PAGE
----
Return to search

NB’s Brien Smith: AML/KYC regs are coming to US private markets

The Neuberger Berman COO expressed his admiration for regulation in Europe and thinks there will be a concerted push to bring AML and KYC rules to US private markets.

European Anti-Money Laundering and Know-Your-Client regulation will be the next big regulatory issue in the United States, Neuberger Berman chief operating officer Brien Smith said in remarks at the CFOs & COOs Forum in New York Wednesday.

“I don’t have a timeline, but if I were to guess that anything is coming [from Europe], it’s AML/KYC,” Smith said. In his remarks on regulatory developments, he looked to Europe as the leader of many universal regulatory changes, such as GDPR – Europe’s data privacy regulation – and ESG frameworks, that began on the continent.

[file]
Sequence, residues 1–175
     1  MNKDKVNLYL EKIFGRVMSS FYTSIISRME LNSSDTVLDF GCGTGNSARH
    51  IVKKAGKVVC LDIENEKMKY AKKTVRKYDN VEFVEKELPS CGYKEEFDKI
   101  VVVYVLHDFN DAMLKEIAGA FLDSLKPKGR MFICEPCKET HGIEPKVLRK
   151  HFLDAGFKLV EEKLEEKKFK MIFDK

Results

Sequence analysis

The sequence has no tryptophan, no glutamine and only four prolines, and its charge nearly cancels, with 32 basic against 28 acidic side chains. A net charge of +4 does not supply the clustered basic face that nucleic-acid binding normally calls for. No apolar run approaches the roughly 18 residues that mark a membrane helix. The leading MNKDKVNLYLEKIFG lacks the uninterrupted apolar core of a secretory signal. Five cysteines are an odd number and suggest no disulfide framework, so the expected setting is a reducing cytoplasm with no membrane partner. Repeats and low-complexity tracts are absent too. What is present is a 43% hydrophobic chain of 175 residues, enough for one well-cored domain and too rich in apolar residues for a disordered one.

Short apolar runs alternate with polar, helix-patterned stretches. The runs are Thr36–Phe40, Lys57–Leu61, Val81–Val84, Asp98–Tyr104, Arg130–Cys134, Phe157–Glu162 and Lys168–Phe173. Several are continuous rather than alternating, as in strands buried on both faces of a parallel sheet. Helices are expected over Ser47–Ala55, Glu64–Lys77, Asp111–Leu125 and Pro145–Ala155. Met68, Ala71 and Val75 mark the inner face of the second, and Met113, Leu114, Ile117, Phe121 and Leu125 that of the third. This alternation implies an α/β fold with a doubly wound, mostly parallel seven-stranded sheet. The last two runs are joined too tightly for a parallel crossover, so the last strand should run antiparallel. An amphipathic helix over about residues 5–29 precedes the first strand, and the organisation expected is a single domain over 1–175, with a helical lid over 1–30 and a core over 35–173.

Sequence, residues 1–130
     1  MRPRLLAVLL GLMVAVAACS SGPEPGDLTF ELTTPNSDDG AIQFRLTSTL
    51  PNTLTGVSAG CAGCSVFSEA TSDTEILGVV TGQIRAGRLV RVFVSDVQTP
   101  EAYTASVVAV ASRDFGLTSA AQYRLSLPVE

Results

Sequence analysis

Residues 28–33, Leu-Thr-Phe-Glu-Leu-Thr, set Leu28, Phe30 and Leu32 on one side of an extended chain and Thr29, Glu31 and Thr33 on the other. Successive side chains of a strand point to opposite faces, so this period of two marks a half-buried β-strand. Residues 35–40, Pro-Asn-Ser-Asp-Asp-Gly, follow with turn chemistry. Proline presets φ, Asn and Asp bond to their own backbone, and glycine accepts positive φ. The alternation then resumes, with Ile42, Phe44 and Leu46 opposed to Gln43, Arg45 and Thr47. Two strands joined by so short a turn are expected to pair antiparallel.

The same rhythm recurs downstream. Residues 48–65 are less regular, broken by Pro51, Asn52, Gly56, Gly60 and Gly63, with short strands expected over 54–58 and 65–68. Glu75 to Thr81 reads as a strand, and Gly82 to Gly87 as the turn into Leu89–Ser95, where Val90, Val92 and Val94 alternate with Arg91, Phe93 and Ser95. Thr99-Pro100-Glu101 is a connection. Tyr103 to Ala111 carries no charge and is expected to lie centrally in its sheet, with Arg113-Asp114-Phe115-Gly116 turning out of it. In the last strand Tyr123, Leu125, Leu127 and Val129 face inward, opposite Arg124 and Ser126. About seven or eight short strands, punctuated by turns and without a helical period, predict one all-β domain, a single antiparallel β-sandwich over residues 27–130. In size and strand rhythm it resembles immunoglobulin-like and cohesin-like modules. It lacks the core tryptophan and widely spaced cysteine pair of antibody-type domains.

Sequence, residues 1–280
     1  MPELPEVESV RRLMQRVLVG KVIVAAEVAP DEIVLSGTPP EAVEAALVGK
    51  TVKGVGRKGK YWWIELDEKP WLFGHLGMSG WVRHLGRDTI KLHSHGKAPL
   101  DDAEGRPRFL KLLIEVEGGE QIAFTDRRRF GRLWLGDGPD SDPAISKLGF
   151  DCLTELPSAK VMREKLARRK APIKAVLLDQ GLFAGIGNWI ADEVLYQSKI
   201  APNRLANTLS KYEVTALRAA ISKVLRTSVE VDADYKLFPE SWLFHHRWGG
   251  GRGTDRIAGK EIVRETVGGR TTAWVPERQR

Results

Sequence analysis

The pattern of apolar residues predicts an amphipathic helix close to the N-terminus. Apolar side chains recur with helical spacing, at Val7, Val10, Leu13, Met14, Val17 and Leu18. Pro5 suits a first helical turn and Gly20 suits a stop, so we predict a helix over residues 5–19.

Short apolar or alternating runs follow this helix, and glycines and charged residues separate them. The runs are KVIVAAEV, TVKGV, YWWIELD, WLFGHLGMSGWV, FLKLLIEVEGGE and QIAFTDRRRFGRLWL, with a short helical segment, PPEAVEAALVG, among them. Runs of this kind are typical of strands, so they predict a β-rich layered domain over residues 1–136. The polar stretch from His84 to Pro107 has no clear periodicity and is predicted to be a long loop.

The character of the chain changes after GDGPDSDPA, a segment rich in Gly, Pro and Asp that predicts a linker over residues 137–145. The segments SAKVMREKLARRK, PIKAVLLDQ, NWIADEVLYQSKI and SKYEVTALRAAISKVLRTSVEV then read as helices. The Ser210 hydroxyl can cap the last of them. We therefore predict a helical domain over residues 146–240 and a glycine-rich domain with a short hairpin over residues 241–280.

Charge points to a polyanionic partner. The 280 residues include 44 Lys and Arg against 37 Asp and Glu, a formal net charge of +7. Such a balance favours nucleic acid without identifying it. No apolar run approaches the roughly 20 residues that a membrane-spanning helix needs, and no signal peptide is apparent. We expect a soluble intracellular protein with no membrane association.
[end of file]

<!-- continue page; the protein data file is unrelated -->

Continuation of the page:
“If you look at the rules in Europe, they’re far more refined, they’re far more stringent,” Smith said in his fireside chat with Private Equity International senior editor Isobel Markham.

AML and KYC regulation ensures that only legitimate, non-criminal investors contribute to your funds, and it requires institutions to monitor customer transactions and report suspicious behavior. Of course, PE firms are familiar with such measures, but it may be a long way off before full compliance reporting is automated.

“We’re getting close to getting full European compliance,” Smith said. “It’s a lot of regulation but really I think it’s best practices.” He views compliance to European regulation as a way for the US market to stay competitive with Europe.

Following Carl Thoma’s prediction that fee structures will contract this decade, Smith’s remarks highlighted that private market executives see big changes ahead for the industry. US financial firms have already been fined around $26 billion over the last decade for AML/KYC non-compliance.

The Neuberger Berman Group, which ranks 10th on the PEI 300 list of the largest private equity firms by funds raised in the past five years, was birthed out of Lehman Brothers following the global financial crisis. It manages $89 billion in AUM.